I once read an article where the author questioned the social convention of introducing people by their name and occupation. She pointed out that it can be a limiting way of getting to know a person, because you immediately make assumptions about them based on their job. Instead of delineating a friend by their employment, she suggested, we ought to tell others about their best characteristics, or amazing things they have done outside work.
Yes, one is so much more than what one does—but one’s job does make up an important part of one’s identity. That is how some surnames came about—Smith, Taylor, Brisbane even (“break-bone”, probably a surgeon, or a barber who performed surgery). What you spend most of your time doing and thinking about will form your habits and your character. Your job is also part of how you contribute to society, the body politic—engineers, lawyers, road-sweepers, garbage collectors, teachers, etc., are the various organs and limbs of human communities. Each part is specialized and essential to the functioning of the whole.
In Tony Hendra’s book Father Joe, the eponymous Benedictine monk ponders the effects of the satirist’s work on his soul. Hendra confesses: “I’ve trained myself in paths of thought—’ruts’ might be a better word—that reflexively denigrate certain people. People I don’t agree with or have contempt for or whose motives I suspect. I must admit I haven’t considered for years what effect that might have on my own moral state.”
What we do changes who we are, and what we believe; it forms our perception of the world. Those who work in family law tend to be cynical about marriage, because they see the fallout from the worst cases. Prostitutes tend to have a negative view of men, experiencing firsthand how they give in to their animal impulses and treat the human being in front of them as an object for their own pleasure. Soldiers suffer post-traumatic stress disorder from the violence and death they witness and partake in.
Portrait photographers look for the beauty in people, even the lowliest or forgotten. Musicians discipline themselves in order to produce exquisite sounds that bestir the most hardened soul, moving people to tears, expressing the deepest longings of the human heart. Sportsmen too discipline themselves, testing the limits of the human body and willpower. Teachers become experts not only in their subjects but also in drawing out their students’ natural abilities, challenging them to learn and grow as a community that will someday reform the limbs and organs of human society.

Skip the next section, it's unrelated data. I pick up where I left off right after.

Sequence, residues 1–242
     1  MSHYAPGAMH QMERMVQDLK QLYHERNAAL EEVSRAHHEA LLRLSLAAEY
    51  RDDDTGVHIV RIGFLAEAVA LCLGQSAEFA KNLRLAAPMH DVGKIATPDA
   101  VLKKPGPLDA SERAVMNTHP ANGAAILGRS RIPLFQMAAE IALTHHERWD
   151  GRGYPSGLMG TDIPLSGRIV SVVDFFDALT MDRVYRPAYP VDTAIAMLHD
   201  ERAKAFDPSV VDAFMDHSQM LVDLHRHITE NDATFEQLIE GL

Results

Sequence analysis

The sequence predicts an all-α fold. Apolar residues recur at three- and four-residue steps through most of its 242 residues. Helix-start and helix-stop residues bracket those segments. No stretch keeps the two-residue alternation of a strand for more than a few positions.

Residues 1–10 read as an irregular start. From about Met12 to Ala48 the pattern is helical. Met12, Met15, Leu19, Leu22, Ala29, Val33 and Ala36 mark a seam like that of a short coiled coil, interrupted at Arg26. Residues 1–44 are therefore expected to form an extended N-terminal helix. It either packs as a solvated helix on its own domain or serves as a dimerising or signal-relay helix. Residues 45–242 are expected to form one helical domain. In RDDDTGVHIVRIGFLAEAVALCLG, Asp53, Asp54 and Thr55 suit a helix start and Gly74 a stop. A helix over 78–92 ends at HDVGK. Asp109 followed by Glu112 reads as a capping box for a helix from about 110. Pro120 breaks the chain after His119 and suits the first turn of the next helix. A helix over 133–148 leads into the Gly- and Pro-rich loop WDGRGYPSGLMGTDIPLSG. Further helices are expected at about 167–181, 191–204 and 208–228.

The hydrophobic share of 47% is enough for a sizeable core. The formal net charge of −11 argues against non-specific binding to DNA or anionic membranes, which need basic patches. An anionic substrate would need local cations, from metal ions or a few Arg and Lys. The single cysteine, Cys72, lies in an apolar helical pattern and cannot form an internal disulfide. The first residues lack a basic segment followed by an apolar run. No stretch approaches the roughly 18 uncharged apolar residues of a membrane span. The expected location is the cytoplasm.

A friend asked me if I had a goal in life. I responded that I hoped to get the Catholic media job for which I had applied. He said, “That’s short term, but what about long term?” I realized that to him, as to so many in society today, a job is just a job, interchangeable, disposable, not something to dedicate your life to.
Be that as it may, even if we no longer live in a society where one works for the same company for decades, but move from job to job, we can still offer our work up as prayer, in the Benedictine tradition: Ora et labora. Then, our whole lives, our very being, will be a gift of love, a hymn to God, fulfilling our ultimate telos and giving purpose to everything we do.
As kingfishers catch fire, dragonflies draw flame;
As tumbled over rim in roundy wells
Stones ring; like each tucked string tells, each hung bell’s
Bow swung finds tongue to fling out broad its name;
Each mortal thing does one thing and the same;
Deals out that being indoors each one dwells;
Selves—goes itself; myself it speaks and spells,
Crying What I do is me: for that I came.
I say more: the just man justices;
Keeps grace: that keeps all his goings graces;
Acts in God’s eye what in God’s eye he is—
Christ. For Christ plays in ten thousand places,
Lovely in limbs, and lovely in eyes not his
To the father through the features of men’s faces.
– Gerard Manley Hopkins SJ
Nuns fret not at their convent’s narrow room;
And hermits are contented with their cells;
And students with their pensive citadels;
Maids at the wheel, the weaver at his loom,
Sit blithe and happy; bees that soar for bloom,
High as the highest Peak of Furness-fells,
Will murmur by the hour in foxglove bells:
In truth the prison, unto which we doom
Ourselves, no prison is: and hence for me,
In sundry moods, ’twas pastime to be bound
Within the Sonnet’s scanty plot of ground;
Pleased if some Souls (for such there needs must be)
Who have felt the weight of too much liberty,
Should find brief solace there, as I have found.
– William Wordsworth
This article was published in the October 2016 issue of the Melbourne Catholic magazine.